what you mean by mainframe?
previous thread ref:
i think sun talks about running on mainframe clbutt machine.
original sun workstations was 68k before they produced risc sparc ... minor reference to 68020-68030 machines
not sparc and i86 machines are support ... this has minor reference to both platforms
i think that unisys logo'ed sequent's machine for a time ... as another "mainframe clbutt" machine.
this minor reference has unisys starting logo'ing sequent machines even before the sequent NUMA-Q machines
in the 80s we participated in both fcs and sci standards activity. fci standards was somewhat the outgrowth of LLNL's work with a non-blocking copper-wire switched remapped to 1gbit-sec fiber-optics. SCI was some work out of SLAC to take fiber-optics and use it for asyncronous bus.
there had been this fiber-optic technology that had been kicking around pok since the 70s that was having hard time getting out. part of it appeared to be around the battle with communication division on who "owned" stuff that crossed the wall surrounding the glbutt-house. my wife was in the middle of this since she had done a stint in POK in charge of loosely-coupled architecture ... where she produced peer-couple shared data architecture
... which didn't see much uptake until parallel sysplex ... except for some work hear-and-there ... like IMS hot-standby.
in any case, supposedly the jurisdictional resolutioin was that CPD's terminal controller paradigm (sna) supposedly owned anything that crossed the boundary of the glbutt house walls.
Some credible documented evidence that a MVS or later op sys has ever been hacked
Gerard 46 a little drift on the next, new, new (40 yr old) thing in security a lot of attacks on systems in the past have frequently been some sort of escalation...
one of the austin interconnect engineers took the pok fiber technology ... and tweaked it here and there ... getting about ten percent higher thruput (220mbits-sec rather than 200mbits-sec for escon) and used optical drivers that were at least an order of magnitude less expensive (than escon). this was announced on rs-6000 as sla (serial link adapter).
he then wanted to go on and do an 800 mbit version of sla. we convinced him to move to working on FCS ... where he became editor of the FCS standards document. part of this was that rs-6000 was much more into the market segment that highly prised interoperability ... and it was difficult to have a lot of interoperability with proprietary interconnect. one of the issues was FCS was basically a fully asyncronous, full-duplex operation. Later there were some horrible battles when some POK channel engineers became involved with FCS and tried to do some unnatural acts like layering mainframe half-duplex syncronous channel paradigm on an underlying infrastructure that is asyncronous full-duplex (or dual simplex as i periodically refer to it) ... which i believe may now be referred to as ficon.
so in parallel with all this was the "SLAC" effort to use similar fiber-optic technology for asyncronous bus operation rather than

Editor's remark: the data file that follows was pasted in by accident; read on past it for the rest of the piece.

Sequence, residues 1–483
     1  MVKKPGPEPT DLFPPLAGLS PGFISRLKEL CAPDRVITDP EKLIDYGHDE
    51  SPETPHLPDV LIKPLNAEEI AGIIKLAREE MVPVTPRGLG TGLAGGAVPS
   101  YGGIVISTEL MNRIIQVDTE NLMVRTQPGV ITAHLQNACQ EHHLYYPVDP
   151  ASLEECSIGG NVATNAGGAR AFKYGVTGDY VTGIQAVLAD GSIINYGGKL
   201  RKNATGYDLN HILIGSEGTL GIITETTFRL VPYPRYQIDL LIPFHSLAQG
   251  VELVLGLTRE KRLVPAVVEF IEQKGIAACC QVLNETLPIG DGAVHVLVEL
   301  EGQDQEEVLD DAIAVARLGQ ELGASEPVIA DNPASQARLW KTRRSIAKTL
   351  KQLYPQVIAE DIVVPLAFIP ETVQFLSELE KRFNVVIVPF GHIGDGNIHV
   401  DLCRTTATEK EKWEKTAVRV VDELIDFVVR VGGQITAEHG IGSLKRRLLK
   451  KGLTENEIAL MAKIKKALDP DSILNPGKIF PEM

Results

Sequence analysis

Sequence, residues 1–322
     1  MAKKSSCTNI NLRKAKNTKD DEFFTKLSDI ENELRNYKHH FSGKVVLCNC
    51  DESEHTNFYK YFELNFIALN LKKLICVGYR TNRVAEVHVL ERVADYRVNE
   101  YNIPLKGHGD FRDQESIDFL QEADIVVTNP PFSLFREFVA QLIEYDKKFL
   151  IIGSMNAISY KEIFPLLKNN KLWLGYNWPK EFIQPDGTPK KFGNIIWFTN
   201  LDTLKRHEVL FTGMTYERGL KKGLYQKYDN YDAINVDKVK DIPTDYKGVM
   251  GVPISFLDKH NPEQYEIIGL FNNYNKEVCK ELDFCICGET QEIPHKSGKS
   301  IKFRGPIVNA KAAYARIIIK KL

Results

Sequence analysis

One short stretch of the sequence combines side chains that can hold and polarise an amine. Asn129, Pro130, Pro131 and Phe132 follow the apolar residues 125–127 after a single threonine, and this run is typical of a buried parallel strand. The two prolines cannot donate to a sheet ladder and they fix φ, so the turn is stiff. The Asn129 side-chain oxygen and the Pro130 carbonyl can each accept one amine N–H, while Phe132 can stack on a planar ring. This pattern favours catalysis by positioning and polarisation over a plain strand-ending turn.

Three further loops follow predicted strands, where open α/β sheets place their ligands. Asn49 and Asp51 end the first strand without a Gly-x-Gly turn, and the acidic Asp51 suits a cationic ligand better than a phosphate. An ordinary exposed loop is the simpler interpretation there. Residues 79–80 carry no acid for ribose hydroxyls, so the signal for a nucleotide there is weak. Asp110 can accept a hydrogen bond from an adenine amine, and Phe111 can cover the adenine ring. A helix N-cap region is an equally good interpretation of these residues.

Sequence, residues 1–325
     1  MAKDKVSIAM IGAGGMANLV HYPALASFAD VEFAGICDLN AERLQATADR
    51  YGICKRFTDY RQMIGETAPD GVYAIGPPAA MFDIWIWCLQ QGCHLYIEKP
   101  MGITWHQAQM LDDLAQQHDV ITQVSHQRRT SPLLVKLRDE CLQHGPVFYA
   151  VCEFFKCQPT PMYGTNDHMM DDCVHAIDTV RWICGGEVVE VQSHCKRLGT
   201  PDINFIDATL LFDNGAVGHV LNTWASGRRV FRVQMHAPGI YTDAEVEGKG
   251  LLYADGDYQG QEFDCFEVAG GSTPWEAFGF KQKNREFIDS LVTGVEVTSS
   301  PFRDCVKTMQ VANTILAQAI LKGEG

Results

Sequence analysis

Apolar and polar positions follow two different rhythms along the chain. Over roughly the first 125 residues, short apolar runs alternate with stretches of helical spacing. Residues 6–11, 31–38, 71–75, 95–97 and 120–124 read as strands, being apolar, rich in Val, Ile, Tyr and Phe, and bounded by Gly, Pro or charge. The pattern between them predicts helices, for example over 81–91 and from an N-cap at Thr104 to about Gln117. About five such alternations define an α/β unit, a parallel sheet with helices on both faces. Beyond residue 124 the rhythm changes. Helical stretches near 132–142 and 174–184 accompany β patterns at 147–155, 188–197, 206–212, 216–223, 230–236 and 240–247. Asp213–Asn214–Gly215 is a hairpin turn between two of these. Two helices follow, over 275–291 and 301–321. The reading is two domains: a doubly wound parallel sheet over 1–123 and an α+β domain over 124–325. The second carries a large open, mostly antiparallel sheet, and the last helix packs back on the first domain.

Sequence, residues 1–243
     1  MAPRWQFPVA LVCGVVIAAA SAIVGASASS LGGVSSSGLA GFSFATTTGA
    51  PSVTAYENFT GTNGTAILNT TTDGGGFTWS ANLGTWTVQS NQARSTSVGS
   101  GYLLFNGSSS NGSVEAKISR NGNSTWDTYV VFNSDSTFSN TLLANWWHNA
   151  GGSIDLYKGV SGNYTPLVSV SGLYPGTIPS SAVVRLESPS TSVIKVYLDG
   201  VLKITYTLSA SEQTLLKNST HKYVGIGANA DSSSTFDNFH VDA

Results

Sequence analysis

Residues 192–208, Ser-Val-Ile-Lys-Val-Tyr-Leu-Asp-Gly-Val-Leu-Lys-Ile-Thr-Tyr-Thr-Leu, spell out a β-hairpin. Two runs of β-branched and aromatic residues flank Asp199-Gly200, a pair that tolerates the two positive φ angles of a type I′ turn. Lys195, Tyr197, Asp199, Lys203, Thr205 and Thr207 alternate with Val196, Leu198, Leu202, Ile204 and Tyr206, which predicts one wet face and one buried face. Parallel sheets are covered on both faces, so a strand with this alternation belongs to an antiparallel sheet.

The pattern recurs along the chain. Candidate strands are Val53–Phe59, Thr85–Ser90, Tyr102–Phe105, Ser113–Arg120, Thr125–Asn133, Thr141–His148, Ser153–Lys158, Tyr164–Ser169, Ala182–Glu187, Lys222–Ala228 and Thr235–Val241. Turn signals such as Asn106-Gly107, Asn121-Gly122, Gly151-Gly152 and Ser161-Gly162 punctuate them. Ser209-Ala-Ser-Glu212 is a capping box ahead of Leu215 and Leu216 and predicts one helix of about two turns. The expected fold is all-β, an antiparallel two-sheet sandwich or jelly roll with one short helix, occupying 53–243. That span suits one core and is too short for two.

one of the reasons that we round up producing ha-cmp
that was suppose to use fcs for scale-up ... minor reference
was that RIOS chips didn't support cache coherency ... i.e. and a major SCI effort was an asyncronous memory bus implementation.
for a little more digression ... i've periodically butterted that much of the 801-risc-romp-rios genre
was attempting to drastically simplify hardware after the disastrous experience of future systems
Slow mac need more HD speed 2793
Religious idiots didn't burn the library. That's a myth. You are probably referring to the destruction of pagan tembles in...
the other characteristic was that it seemed that the 801-risc had a scalded cat reation to the enormous multiprocessor cache consistency overhead exacted by the strong memory consistency paradigm of the highend mainframe 370s. not only did 801-risc go to the opposite extreme of future systems ... but also the opposite extreme from highend 370s with regard to cache consistency. as a result, it was essentially impossible to build scale-up multiprocessor system with SCI and rios chips. essentially, the only scaleup fall-back was purely loosely-coupled (aka cluster) operatiion with high-speed (i-o) interconnect.
convex built 128-way examplar with dual-processor board HP-RISC chips. SCI asyncronous memory operation standard allows for 64 memory ports. convex had dual-processor shared cache boards ... and 64 such boards allowed for maximum 128-way configuration.
both sequent and data general did something similar using 64-port SCI ... except they used intel quad-processor boards (four processors sharing cache that then used 64-port SCI to interface to memory).
this was the 256 processor Sequent numa-q machine that IBM inherited when they bought sequent. it was also the machine that unisys was operating system).
Ann SMILemu 1.0 An Emulator for SMIL, Siffermaskinen i Lund
In 1956, SMIL - Siffermaskinen i Lund, 'The Number Machine in Lund' - was deployed at the University of Lund in Lund, Sweden. SMIL was...
in this time-frame a separate, somewhat parallel effort was started to produce power-pc (as opposed to "power" which was the marketing name for the rios chipset) ... which would have support for cache consistency (and some number of other differences from original 801-risc-romp-rios-power).
misc. past fcs, sci, fiber, postings
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